What services should be funded by property taxes?
What is the best method to finance municipalities?
Should there be changes to the structure and responsibilities of MPAC (the Municipal Property Assessment Corporation)?
Word Limit: 350
The municipal tax system in Ontario, like the OMB, is a quaint relic of the 19th Century that has not kept up with the times. The Green Party of Ontario believes that part of the solution lies in moving toward a system that assesses land value, but not the value of buildings and improvements made to such buildings, to determine municipal tax rates. This would vastly simplify the responsibilities of MPAC, as the relative value of building improvements would not be considered in their calculations.
Our plan would encourage development more along the lines of a municipality’s official plan. Land value is proportional not only to its quantity, but also to the scale and type of development permitted. Our proposal would create a disincentive to land speculation, as the property would be taxed according to its full potential for use, as reflected in its assessment and class.
This removes the disincentive of higher taxes on home improvement. A property owner is more likely to invest in best building practices, and erect a carbon neutral facility with the threat of higher taxes removed. This enhances not only the value of the building, but the community at large with cleaner air.
Another part of the solution lies in apportioning taxes according to the cost of specific services provided. Dense communities are generally less costly to serve than sprawling communities. We need a method to recognize this fact when tax bills are calculated.
Changes also are needed to the Provincial Development Charges Act. It is much too restrictive in its definition of what costs municipalities can recoup from Greenfield development. This needs to be changed to ensure that the full cost of urban sprawl is assessed to those who create it.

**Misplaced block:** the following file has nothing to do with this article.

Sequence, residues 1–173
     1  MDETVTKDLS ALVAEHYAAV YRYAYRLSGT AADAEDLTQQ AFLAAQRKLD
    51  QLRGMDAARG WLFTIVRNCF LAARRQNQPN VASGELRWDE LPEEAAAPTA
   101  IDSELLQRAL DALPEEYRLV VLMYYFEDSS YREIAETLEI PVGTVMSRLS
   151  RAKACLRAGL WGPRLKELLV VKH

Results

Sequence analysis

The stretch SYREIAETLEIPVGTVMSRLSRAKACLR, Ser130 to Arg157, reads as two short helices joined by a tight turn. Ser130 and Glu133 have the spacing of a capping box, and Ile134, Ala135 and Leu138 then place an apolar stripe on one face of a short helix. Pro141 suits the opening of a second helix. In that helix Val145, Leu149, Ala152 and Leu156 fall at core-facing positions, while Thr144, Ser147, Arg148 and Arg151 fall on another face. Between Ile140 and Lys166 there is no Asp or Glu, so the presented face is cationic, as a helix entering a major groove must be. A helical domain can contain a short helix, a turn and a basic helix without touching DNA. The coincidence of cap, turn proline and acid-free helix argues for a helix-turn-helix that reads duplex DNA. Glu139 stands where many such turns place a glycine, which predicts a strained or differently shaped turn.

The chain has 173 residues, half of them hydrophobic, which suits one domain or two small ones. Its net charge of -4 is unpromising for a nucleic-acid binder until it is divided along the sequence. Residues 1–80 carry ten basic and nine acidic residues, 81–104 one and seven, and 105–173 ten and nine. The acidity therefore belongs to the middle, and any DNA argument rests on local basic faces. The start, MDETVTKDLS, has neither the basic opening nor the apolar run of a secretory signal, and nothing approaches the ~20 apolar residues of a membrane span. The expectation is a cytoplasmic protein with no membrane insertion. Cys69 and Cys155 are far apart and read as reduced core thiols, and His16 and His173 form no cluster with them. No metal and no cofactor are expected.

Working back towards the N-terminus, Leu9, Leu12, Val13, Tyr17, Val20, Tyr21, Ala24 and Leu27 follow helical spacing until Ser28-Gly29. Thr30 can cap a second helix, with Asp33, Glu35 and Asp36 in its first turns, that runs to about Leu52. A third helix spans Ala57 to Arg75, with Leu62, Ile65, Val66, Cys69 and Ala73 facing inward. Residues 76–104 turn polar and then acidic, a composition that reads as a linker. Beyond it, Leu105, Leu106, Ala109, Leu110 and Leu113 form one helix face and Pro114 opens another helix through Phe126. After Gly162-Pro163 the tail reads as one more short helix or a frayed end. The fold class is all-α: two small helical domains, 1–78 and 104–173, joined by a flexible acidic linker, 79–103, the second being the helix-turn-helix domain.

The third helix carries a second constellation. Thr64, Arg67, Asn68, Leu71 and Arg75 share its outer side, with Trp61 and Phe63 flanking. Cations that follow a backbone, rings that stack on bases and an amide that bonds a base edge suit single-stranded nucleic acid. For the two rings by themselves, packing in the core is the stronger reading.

The cost of services that involve income redistribution and equity-related goals should not be borne by the municipal taxpayer. Therefore the provincial government should take back responsibility for 100% of the funding of all provincially mandated social service programs. The Liberals have had four years to fix the problem created by the Harris Conservatives, yet they have failed to act.
Q4: The provision of a secure electricity supply, while minimizing environmental impacts, is an important issue in Ontario. Ontario has a growing population, yet an aging electricity generation and transmission infrastructure.
What do you propose should be done on both the electricity supply and demand sides?
Word Limit: 175
As Ontario and the world confronts dwindling non-renewable energy reserves we must refocus our strategy on developing local renewable resources.
Unfortunately the province seems determined to make a critical investment error as it considers betting the farm on a $45-billion investment in nuclear energy. It takes at least 12 years to bring a nuclear plant on stream. Historically they have been drastically over-budget and never as reliable as predicted.
Instead, we must invest now in local communities. We need to remove electric element space and water heating from hundreds of thousands of Ontario homes. We must provide real-time feedback to consumers on consumption. We need to aggressively push the installation of solar hot water and geo-thermal earth energy systems.
We need changes to our building and electrical codes and the Planning Act that will mandate the highest energy efficiency of all future construction and development. It is much cheaper, more secure, and more environmentally friendly to conserve a megawatt than produce one. Our future energy security depends on a strong localized energy infrastructure.